vSphere Reference Architecture

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This topic provides reference architectures for Pivotal Platform on vSphere. It builds on the common base architectures described in Platform Architecture and Planning.

See Installing Pivotal Platform on vSphere for additional requirements and installation instructions for Pivotal Platform on vSphere.

Before You Begin

Our products contain feature sets, that when used, will impact designs in this reference architecture.

Isolation Segments

Isolation segments are delivered as a tile in Pivotal Operations Manager. They are used to create smaller individual deployments of PAS components, Gorouters and Diego cells, to help isolate workloads. The isolation criteria could include capacity management or audit compliance to name a couple. Isolation segments can be also be patched independently from the PAS tile or other isolation segments. We recommend that when using isolation segments, you should deploy all containers to an isolation segment and leave the PAS tile to only system-level components. By moving all application workloads to an isolation segment, you get finer-grained control over the network usage, capacity planning, firewalling, and business continuity.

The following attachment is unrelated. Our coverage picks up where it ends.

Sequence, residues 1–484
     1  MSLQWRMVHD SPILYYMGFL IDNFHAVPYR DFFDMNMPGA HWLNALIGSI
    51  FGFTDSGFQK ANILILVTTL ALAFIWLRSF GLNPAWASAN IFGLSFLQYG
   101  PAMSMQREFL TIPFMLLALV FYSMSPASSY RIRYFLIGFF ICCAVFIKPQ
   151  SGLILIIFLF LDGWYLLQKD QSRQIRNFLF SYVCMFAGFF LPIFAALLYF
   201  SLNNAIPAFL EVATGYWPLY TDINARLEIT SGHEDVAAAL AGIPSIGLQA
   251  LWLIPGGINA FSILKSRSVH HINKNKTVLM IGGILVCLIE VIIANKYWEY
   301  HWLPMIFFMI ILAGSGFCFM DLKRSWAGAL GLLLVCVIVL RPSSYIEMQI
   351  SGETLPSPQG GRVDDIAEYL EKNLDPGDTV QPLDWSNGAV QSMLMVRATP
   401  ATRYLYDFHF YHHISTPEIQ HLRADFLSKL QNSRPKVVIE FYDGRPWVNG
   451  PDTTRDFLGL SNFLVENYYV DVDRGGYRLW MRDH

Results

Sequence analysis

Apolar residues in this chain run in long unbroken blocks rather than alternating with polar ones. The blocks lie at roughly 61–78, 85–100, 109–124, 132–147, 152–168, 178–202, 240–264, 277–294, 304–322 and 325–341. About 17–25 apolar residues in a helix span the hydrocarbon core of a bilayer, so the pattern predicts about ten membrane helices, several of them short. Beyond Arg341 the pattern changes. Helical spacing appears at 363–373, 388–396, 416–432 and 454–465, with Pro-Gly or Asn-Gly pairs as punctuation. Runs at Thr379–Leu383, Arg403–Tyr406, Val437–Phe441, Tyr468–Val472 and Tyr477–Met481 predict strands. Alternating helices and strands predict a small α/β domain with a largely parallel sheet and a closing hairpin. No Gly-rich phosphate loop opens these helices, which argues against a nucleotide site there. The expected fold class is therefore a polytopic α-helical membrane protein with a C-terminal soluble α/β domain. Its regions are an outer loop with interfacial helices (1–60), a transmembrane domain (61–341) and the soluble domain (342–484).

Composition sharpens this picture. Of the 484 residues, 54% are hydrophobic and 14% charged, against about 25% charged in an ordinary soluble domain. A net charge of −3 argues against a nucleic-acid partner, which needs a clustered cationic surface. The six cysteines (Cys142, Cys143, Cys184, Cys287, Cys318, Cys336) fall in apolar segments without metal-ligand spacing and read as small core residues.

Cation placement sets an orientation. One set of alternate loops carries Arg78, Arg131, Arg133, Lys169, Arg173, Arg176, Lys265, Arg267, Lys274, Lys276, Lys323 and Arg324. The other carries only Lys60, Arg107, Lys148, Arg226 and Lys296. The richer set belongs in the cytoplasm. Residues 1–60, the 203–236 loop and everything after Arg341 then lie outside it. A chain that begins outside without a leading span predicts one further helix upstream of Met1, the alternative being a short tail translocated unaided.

Host Groups

Host groups allow you create virtual PaaS failure domains independently of physical IaaS capacity. In PAS or PKS on vSphere, this amounts to creating multiple Availability Zones that do not have to align 1:1 with vSphere constructs (i.e clusters or pools). You can use host groups to gain PaaS high availability with IaaS capacity that is undersized. Alternatively, host groups can be used to create availability zones that can grow in an elastic way as the IaaS grows.

Multiple vCenter Support

Multiple vCenter Support can allow you to use PAS in a mature vSphere environment. Coupled with host groups, a brown field deployment strategy can happen as hosts in existing vSphere clusters can be set aside for PAS/PKS. PAS/PKS can also be stretched geographically without needing to stretch IaaS elements.